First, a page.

Steven Sametz, professor of music, joined a select group of artists in late February when he spent three weeks on a residential fellowship at Yaddo in Saratoga Springs, NY to work on his latest choral composition.
Sametz was selected by a panel of writers, artists, composers, and filmmakers. While at Yaddo, he worked on a piece tentatively titled, “A Child’s Requiem.” The project is a response to the Sandy Hook Elementary killings of December, 2012, for which Sametz also received the 2013 Raymond and Beverly Sackler Music Composition Prize. As part of the project, he is working with schools in the Lehigh Valley and around the nation to develop a libretto drawn from children’s responses to tragedy and loss. Sametz says he plans to reprise the work at Lehigh, and to develop an exhibition of artwork from young children expressive of their thoughts on loss which will be displayed at the time of the performances.
“Going to Yaddo promotes the kind of environment that fosters creativity, “says Sametz. “It’s an incredible luxury. Your job is to just find your creative impulses. It’s ideal because it frees you from the myriad things you have to do in the course of a day.”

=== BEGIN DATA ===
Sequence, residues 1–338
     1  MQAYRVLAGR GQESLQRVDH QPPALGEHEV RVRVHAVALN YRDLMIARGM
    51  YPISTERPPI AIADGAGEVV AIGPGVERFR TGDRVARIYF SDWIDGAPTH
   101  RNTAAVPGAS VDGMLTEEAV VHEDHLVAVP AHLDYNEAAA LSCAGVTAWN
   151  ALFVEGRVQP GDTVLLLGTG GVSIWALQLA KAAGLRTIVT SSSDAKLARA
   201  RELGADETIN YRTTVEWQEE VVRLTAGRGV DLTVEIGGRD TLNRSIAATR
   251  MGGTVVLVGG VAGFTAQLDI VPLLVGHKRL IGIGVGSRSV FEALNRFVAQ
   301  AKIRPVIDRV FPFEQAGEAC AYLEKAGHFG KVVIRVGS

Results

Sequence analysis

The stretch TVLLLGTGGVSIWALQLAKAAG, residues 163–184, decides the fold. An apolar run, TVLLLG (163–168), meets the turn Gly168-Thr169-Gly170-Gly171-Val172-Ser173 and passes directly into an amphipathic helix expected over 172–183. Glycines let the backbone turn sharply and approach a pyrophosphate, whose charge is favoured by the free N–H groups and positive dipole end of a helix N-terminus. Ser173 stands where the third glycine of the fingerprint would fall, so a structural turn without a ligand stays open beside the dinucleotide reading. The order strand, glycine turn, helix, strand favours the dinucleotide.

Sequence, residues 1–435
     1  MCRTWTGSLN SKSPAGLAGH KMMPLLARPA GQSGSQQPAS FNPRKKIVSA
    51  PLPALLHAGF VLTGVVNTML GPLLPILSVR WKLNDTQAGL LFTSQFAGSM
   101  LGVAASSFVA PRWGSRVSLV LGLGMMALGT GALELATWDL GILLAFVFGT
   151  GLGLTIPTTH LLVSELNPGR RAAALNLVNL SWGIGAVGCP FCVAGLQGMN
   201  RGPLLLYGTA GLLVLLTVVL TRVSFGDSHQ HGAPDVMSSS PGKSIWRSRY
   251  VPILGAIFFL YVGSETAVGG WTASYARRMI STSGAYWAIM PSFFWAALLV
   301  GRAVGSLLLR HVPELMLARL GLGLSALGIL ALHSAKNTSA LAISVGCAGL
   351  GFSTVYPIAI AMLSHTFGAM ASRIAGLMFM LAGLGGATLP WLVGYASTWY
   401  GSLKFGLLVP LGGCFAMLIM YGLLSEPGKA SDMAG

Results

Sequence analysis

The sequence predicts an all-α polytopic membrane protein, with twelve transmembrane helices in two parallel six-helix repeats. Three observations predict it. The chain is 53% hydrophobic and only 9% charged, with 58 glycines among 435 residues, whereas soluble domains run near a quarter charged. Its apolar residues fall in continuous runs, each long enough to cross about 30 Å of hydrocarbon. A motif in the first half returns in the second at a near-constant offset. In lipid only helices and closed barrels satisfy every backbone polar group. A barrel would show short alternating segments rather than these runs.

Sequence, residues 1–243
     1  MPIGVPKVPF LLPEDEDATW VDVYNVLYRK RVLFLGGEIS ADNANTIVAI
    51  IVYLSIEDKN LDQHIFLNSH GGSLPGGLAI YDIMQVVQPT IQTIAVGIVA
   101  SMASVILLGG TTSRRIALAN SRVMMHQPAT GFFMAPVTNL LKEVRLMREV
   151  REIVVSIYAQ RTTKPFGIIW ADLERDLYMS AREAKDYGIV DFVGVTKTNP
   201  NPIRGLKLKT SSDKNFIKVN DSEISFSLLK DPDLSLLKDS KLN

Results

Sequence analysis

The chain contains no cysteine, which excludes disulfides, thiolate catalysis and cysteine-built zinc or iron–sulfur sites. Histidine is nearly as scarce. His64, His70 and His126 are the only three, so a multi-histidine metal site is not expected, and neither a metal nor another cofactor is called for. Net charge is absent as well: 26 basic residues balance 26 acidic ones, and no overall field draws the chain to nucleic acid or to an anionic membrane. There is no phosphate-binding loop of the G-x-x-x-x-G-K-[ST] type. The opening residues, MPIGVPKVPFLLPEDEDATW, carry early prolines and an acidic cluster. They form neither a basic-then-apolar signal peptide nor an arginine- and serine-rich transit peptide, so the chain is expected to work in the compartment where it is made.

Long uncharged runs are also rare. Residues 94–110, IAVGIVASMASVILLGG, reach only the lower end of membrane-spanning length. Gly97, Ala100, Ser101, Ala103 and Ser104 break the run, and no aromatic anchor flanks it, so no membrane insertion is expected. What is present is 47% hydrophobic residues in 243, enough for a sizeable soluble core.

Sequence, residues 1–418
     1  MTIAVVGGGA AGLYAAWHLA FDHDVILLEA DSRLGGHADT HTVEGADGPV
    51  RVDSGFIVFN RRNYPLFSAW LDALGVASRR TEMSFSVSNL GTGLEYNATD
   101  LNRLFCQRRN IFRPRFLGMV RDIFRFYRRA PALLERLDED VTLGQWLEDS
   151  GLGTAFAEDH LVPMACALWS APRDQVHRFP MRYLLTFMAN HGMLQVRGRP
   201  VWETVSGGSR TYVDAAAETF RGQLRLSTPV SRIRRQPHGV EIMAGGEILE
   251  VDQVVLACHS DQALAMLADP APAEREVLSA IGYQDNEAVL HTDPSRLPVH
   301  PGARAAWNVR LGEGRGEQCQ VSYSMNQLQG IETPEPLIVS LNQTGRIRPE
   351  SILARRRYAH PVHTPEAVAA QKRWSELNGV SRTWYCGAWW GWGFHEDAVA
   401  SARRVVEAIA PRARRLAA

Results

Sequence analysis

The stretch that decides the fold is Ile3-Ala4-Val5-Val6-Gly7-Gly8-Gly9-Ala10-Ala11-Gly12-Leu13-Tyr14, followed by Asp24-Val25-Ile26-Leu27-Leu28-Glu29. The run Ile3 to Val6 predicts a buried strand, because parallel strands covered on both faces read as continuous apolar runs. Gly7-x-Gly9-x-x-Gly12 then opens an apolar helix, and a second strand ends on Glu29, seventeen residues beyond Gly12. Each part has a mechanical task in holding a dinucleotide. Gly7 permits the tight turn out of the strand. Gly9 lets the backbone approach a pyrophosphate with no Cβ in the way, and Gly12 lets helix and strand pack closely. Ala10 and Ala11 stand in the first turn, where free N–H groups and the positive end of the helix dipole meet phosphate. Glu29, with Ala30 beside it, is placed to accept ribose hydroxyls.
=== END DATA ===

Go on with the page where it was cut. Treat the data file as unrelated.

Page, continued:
Yaddo is an artists' community located on a 400-acre estate in Saratoga Springs, New York. Its mission is to nurture the creative process by providing an opportunity for artists to work without interruption in a supportive environment. Founded in 1900 by the financier Spencer Trask and his wife Katrina, herself a poet, the community has hosted such noted writers as Truman Capote and composer Aaron Copland.
Yaddo offers residencies to professional creative artists from all nations and backgrounds working in one or more of the following media: choreography, film, literature, musical composition, painting, performance art, photography, printmaking, sculpture, and video. Artists may apply individually or as members of collaborative teams of two or three persons. They are selected by panels of other professional artists without regard to financial means. Residencies last from two weeks to two months and include room, board, and studio.
Sametz, who has earned increasing renown in recent years as both composer and conductor, is the Ronald J. Ulrich Professor of Music and director of Lehigh University Choral Arts, one of the country’s premier choral programs. He also serves as artistic director for the elite a cappella ensemble, The Princeton Singers, and is the founding director of The Lehigh University Choral Composer Forum, a summer course of study designed to mentor emerging choral composers. In fall 2013 he was named a Fulbright Specialist.
“So many great things have recently come my way: the Sackler Award, being chosen as aFulbright specialist, the Yaddo residency, and the very exciting opportunity to present and direct my choral symphony at Carnegie Hall this coming fall as part of the Lehigh sesquicentennial. All of this work is based on what we create here with our students; it’s a lab for the arts.